A law school professor and internationally renowned expert in climate policy has blown the whistle on Australia’s carbon offsetting schemes, alleging in four new research papers that some “70 to 80 per cent of the credits that have been issued are markedly low in integrity”.
The expert in question, Andrew Macintosh, is director of research at the ANU law school, and the former head of the government’s Emissions Reduction Assurance Committee.
This isn’t the first time Australia’s carbon credits have been called into question: in September last year, a report by the Australian Conservation Foundation and the Australia Institute’s Climate and Energy Program found that one in five carbon credits issued by the Federal Government’s $4.5 billion Emission Reduction Fund (ERF) do not represent real abatement, and are essentially ‘junk’ credits.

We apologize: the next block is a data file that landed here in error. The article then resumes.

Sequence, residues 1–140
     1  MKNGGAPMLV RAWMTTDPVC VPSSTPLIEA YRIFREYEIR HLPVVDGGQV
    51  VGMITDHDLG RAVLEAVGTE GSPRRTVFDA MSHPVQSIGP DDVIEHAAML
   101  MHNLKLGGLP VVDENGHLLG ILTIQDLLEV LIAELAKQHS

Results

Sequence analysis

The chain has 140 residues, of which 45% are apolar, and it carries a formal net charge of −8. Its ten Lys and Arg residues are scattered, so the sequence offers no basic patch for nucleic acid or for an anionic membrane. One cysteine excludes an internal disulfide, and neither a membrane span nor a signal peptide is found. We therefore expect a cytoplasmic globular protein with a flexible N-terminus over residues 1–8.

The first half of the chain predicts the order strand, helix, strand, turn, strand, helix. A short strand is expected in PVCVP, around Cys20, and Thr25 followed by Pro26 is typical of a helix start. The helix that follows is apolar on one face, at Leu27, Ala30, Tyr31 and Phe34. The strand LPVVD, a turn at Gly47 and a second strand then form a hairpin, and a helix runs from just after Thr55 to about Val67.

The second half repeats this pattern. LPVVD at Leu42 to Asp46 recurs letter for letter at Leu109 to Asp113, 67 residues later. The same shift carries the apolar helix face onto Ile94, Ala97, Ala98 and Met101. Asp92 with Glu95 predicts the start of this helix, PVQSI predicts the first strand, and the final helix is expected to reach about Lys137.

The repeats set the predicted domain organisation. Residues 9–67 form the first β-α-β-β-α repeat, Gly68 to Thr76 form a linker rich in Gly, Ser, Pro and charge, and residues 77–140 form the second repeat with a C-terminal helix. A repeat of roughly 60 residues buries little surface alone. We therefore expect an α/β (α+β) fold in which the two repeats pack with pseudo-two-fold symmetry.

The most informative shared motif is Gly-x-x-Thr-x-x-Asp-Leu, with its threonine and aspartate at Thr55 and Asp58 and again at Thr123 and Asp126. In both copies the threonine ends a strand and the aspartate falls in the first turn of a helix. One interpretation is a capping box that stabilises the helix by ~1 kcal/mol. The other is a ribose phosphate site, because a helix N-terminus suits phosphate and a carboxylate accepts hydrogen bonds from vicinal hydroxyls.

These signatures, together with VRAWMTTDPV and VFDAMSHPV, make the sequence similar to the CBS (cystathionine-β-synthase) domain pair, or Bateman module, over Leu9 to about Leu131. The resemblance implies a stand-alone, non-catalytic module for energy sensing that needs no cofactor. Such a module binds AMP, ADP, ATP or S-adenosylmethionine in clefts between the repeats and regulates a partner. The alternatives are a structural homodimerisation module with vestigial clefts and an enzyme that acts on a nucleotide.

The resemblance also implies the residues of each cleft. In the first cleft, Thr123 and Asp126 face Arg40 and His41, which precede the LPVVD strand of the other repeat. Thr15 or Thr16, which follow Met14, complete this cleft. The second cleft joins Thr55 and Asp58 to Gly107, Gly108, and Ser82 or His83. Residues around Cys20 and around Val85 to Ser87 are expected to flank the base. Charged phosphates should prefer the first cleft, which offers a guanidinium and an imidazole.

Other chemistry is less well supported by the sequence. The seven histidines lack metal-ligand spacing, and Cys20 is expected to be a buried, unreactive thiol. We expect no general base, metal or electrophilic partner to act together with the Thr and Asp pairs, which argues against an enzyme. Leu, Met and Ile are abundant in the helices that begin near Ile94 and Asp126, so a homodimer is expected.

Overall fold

So, what are carbon off-sets and carbon credits? How do they work, and can they be done well?